As I type this, I’m listening to the Taylor. It’s a solo piano disc from the mid-70s, and the CD reissue has about twice as much material as the original vinyl did. (So it’s not one of those mastered-from-vinyl ripoff jobs I was talking about a few days ago.) It’s one of his most traditionally beautiful records – his playing doesn’t have as much bombast or assaultiveness as on many other records. In fact, it would be an easy entry point for someone whose tastes run more to classical than avant-garde jazz (and I don’t really think this counts as a jazz record, either). A damn fine way to spend an hour and fifteen minutes.
I discussed the Klosterman piece I posted yesterday with a few people, and encountered a lot of dismissiveness. One guy said, more or less, that he’s tired of hearing this theory that “people who’d rather listen to Nirvana than Motley Crüe are doing it to make the Crüe fans feel dumb.” I think this misses on two levels. First of all, just because you’re tired of hearing it, does that make it untrue? Secondly, the piece (and the attitude it addresses) is not about rock fans, it’s about rock critics. One of the other people I discussed the piece with understood the latter point, but felt it merited dismissal because the piece appeared in the New York Times, therefore it was obvious (in his formulation) that Klosterman was not expressing a minority view, but conventional wisdom. Yeah, that sounds right. And Ratt are sure to make the Rock ‘n’ Roll Hall of Fame on their first go-round, in 2008, because the people who vote on such things, the arbiters of rock taste, do in fact think L.A. hair metal is just as important and valid a form as three-chord NYC punk (1970s division – I’m not holding my breath for the Cro-Mags’ induction), and anyone who feels otherwise is just paranoid, or has some kind of inferiority complex.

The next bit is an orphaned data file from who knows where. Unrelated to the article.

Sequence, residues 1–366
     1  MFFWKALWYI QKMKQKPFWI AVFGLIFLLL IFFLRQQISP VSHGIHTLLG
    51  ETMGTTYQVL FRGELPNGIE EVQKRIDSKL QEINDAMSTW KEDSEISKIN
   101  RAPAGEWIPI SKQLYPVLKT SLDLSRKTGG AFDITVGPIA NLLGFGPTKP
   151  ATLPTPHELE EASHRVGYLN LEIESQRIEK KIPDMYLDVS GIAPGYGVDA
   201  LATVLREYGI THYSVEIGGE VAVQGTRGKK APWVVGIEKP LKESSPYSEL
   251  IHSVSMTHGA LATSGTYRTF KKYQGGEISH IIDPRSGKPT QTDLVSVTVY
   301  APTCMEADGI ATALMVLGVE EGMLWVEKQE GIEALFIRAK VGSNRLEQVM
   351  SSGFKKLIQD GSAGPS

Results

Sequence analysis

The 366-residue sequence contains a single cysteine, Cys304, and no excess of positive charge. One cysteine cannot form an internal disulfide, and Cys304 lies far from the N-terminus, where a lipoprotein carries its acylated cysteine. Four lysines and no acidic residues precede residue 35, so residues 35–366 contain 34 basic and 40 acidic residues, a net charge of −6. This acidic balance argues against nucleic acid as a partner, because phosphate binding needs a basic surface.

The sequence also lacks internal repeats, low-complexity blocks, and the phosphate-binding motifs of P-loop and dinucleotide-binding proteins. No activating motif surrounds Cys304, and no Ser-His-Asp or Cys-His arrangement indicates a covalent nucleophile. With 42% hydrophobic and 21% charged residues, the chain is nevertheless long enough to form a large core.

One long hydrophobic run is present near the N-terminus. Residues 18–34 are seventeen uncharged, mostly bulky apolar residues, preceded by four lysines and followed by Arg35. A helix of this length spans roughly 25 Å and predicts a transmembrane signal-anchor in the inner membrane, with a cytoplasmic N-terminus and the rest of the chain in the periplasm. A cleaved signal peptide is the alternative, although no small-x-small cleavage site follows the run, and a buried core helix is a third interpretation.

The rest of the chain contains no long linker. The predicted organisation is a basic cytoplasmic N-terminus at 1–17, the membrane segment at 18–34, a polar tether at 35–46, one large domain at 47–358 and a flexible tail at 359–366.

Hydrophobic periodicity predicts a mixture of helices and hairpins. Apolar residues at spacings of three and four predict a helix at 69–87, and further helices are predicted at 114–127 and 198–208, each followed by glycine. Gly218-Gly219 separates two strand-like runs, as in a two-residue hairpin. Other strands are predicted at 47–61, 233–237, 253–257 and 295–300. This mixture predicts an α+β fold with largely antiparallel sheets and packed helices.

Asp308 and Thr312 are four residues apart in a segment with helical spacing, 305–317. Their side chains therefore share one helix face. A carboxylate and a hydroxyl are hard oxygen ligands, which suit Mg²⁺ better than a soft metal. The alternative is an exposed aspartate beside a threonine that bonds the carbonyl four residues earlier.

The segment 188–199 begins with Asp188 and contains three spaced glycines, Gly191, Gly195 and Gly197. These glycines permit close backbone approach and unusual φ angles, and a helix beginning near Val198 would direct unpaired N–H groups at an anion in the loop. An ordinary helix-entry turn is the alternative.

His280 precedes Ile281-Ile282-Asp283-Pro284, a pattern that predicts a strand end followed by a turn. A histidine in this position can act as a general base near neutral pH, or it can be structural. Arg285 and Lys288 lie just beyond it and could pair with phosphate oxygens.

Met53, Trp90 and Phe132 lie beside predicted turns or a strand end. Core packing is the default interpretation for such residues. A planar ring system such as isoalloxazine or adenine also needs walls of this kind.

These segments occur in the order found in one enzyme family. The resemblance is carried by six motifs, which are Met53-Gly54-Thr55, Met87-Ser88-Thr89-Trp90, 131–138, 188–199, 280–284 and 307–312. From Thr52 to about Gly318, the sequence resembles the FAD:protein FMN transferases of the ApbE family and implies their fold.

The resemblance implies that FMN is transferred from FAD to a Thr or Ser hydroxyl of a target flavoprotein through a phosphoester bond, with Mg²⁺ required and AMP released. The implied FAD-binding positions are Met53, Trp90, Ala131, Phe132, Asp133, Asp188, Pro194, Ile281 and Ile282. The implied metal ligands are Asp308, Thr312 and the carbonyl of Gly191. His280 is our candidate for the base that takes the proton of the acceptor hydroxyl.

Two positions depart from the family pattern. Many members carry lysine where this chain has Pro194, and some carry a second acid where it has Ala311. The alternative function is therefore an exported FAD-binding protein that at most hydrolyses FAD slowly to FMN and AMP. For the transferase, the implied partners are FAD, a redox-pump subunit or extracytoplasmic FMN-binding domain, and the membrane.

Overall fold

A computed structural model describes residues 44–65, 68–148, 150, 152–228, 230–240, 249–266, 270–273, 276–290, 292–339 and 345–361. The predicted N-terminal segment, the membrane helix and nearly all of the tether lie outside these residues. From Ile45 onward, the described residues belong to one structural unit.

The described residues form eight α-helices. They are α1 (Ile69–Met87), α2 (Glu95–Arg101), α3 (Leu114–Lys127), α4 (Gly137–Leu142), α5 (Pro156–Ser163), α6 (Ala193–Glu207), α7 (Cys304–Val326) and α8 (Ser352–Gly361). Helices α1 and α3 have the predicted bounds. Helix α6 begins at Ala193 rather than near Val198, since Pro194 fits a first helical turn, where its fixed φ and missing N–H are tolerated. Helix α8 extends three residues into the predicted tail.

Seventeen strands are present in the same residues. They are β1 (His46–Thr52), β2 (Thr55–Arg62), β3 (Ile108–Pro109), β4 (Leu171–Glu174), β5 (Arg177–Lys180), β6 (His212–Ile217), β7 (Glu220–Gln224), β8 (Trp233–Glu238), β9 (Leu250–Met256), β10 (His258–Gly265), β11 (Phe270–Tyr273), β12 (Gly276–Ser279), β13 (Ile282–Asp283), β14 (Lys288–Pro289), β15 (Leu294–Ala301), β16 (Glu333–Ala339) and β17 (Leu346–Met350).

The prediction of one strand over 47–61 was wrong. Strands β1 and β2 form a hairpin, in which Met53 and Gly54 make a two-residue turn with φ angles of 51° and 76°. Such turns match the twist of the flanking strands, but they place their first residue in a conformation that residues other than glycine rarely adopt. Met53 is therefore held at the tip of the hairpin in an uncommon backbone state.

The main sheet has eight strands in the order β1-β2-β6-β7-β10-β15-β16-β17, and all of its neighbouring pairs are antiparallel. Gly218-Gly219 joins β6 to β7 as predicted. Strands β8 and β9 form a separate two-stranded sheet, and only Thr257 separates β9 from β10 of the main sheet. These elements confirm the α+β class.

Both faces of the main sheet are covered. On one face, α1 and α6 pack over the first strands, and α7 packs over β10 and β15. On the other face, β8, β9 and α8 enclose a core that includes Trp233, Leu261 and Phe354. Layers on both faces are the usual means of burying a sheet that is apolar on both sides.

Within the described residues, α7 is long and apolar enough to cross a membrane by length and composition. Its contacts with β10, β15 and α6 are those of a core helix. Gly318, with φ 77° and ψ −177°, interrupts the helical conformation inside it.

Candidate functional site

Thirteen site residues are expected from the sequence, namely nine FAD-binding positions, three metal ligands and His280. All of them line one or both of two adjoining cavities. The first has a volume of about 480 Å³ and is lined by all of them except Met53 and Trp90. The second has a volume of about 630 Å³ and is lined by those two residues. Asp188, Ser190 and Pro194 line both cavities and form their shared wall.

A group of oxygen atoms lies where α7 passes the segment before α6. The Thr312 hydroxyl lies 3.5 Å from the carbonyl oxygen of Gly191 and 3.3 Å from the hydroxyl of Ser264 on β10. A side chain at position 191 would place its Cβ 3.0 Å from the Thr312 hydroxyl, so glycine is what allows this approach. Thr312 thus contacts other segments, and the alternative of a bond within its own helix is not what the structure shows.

Another argument that was raised is that there’s nobody speaking up for other forms of crappy mainstream music, like Kenny Loggins or Mr. Mister. That’s disingenuous, and mentioning it is a diversionary tactic. Those are pop acts; Ratt and the Ramones were rock bands, and thus subject to the judgment of rock critics in a way the other two are not. Within the critic sphere, which is an entirely separate realm within the world of rock, Ratt and their hair-metal brethren were seen as rock, and not pop, and thus fit subjects for discussion, but they were viewed as an affront to the elevated sensibilities which had come with the 1970s, both in the art-rock and punk divisions. (Let no one tell you that punk was a proletarian movement, at least in America. It was an art project, with all the built-in classism of the art scene. Once it became proletarian, in the “hardcore” years 1980-83 and particularly after, the critics turned on it. If the Ramones were the Beatles, NY hardcore bands like Gorilla Biscuits and Sick Of It All were Grand Funk Railroad, and the only reason they didn’t get the critical pasting Grand Funk did was that by then, there was new wave, and later “college rock,” and thus critics had no reason to pay attention to hardcore at all.) All truly proletarian movements within rock are greeted with suspicion by rock critics. This is not to say that all proletarian movements within rock are automatically worthwhile. Some (death metal) are, some (rap-metal) aren’t. (It should be noted that even within a crappy genre, some worthwhile bands can emerge – the Deftones and Slipknot, for example.) But this reflexive suspicion – which is not brought to bear upon bands appealing to upper-echelon American youth like, say, Pavement – is a barrier to successful criticism, and only serves to seal the writer away from any genuinely functional role in the larger rock universe. It’s a recipe for irrelevance.
CDs I brought with me to the office today:
Caspar Br?tzmann Massaker, Black Axis
Dave Burrell, Echo
Cannibal Ox, The Cold Vein
Miles Davis, Water Babies
Kreator, Violent Revolution
Archie Shepp and the Full Moon Ensemble, Live in Antibes
Matthew Shipp, New Orbit
Cecil Taylor, Air Above Mountains
Wire, Chairs Missing